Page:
exercise and respiration and the circulatory system n.
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Exercise and respiration and the circulatory system. B2 - Training and the Pulmonary system. B.2.1 Define total lung capacity , vital capacity , tidal volume and ventilation rate . Total lung capacity. : volume of air in the lungs after a maximum inhalation.

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b 2 1 define total lung capacity vital capacity tidal volume and ventilation rate
B.2.1 Define total lung capacity, vital capacity, tidal volume and ventilation rate.

Total lung capacity

: volume of air in the lungs after a maximum inhalation.

: maximum volume of air that can be exhaled after a maximum inhalation.

: volume of air taken in or out with each inhalation or exhalation.

: number of inhalations or exhalations per minute (this term is used, not breathing rate).

Vital capacity

Tidal volume

Ventilation rate

slide4

B.2.2 Explain the need for increases in tidal volume and ventilation rate during exercise.

http://www.livestrong.com/article/288393-increase-in-tidal-volume-during-exercise/

Read the article then complete the sentences:

When you exercise you need to breath deeper because…..

When you exercise you need to breath more often because…..

The ventilation and depth are controlled by negative feedback.

What is the stimulus?

Where is the stimulus detected?

Draw a feedback loop to describe this.

slide5

B.2.3 Outline the effects of training on the pulmonary system, including changes in ventilation rate at rest, maximum ventilation rate and vital capacity.

http://www.normalbreathing.com/c-effects-of-exercise-on-the-respiratory-system.phpRead the article and try to make a summary table in words rather than numbers…….:

b 3 1 define heart rate stroke volume cardiac output and venous return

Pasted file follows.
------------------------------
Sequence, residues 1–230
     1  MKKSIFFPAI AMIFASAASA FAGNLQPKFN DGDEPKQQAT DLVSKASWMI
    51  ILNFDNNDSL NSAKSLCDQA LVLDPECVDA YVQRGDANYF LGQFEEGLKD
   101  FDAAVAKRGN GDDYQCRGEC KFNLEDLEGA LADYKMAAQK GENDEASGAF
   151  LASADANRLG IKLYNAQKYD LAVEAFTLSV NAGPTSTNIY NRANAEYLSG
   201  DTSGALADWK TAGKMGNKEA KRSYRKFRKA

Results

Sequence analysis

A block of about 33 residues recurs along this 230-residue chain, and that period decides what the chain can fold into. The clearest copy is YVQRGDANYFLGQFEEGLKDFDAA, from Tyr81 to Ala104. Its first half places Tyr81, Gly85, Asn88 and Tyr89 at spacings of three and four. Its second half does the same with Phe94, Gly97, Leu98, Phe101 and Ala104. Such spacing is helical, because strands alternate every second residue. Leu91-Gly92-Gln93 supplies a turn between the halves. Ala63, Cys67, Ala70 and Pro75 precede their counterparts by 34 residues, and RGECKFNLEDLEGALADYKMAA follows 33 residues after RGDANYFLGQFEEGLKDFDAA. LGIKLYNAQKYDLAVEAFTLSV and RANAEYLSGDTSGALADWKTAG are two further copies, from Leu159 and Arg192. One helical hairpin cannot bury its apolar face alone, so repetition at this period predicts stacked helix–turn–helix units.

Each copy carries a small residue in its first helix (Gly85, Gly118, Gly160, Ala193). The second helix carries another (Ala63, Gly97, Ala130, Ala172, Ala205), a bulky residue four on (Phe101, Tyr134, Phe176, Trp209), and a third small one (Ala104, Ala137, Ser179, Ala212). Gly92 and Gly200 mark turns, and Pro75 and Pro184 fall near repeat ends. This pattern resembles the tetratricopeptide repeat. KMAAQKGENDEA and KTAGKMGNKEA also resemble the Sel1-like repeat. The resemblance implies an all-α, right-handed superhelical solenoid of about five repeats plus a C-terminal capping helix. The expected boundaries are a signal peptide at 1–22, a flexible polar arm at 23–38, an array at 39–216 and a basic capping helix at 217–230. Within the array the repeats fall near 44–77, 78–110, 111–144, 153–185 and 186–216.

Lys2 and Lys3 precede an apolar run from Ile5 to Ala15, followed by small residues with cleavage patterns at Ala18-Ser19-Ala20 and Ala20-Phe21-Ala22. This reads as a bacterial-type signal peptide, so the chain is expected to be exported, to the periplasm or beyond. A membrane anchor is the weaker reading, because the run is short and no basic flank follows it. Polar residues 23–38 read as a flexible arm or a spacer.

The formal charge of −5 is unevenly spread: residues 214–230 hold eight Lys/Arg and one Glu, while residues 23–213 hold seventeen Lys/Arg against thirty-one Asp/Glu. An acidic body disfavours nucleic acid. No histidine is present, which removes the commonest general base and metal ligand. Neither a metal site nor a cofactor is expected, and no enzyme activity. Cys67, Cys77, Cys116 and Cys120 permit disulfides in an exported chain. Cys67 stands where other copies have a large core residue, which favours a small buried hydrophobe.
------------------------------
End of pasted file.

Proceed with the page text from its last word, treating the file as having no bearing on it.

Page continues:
B.3.1 Define heart rate, stroke volume, cardiac output and venous return.

Learn these definitions

: volume of blood pumped out with each contraction of the heart.

: volume of blood pumped out by the heart per minute.

: volume of blood returning to the heart via the veins per minute.

Stroke volume

Cardiac output

Venous return

b 3 2 explain the changes in cardiac output and venous return during exercise
B.3.2 Explain the changes in cardiac output and venous return during exercise.

Why does the heart rate need to speed up when you exercise?

How is this speed up controlled?

What effect will speeding up the heart have on how much blood is pumped out per minute?

What effect will pumping more blood out of the heart per minute have on the amount of blood returning (venous return)?

b 3 3 compare the distribution of blood flow at rest and during exercise
B.3.3 Compare the distribution of blood flow at rest and during exercise.
  • Blood flow to the brain is unchanged during exercise. Blood flow to the heart wall, skeletal muscles and skin is increased, but blood flow to the kidneys, stomach, intestines and other abdominal organs is reduced.
  • Find an/some image(s) to express this. Then explain “why?” for each change or lack of change?.......
slide9
B.3.4 Explain the effects of training on heart rate and stroke volume, both at rest and during exercise.
  • Start here -----> http://www.bbc.co.uk/schools/gcsebitesize/pe/exercise/2_exercise_effectsoftraining_rev1.shtml now explain “why?”
slide10
B.3.5 Evaluate the risks and benefits of using EPO (erythropoietin) and blood transfusions to improve performance in sports
b4 exercise and respiration
B4 – Exercise and respiration

B.4.1 Define VO2 and VO2 max.

VO2max is the maximum capacity of an individual's body to transport and use oxygen during exercise, which reflects the physical fitness of the individual.

The name is derived from V - volume, O2 - oxygen, max - maximum.

This instrument measures the amount of oxygen in the air breathed in and compares it with the amount in the air breathed out as the test subject carries out increasing levels of exercise.

http://en.wikipedia.org/wiki/File:Ergospirometry_laboratory.jpg

b 4 2 outline the roles of glycogen and myoglobin in muscle fibres
B.4.2 Outline the roles of glycogen and myoglobin in muscle fibres.

Glycogen is an glucose storage molecule in muscles.

Myoglobin is an oxygen storage molecule in muscles(Like heamoglobin but it remains in the muscle.)

http://wikis.lib.ncsu.edu/images/1/19/Hemoglobin.jpg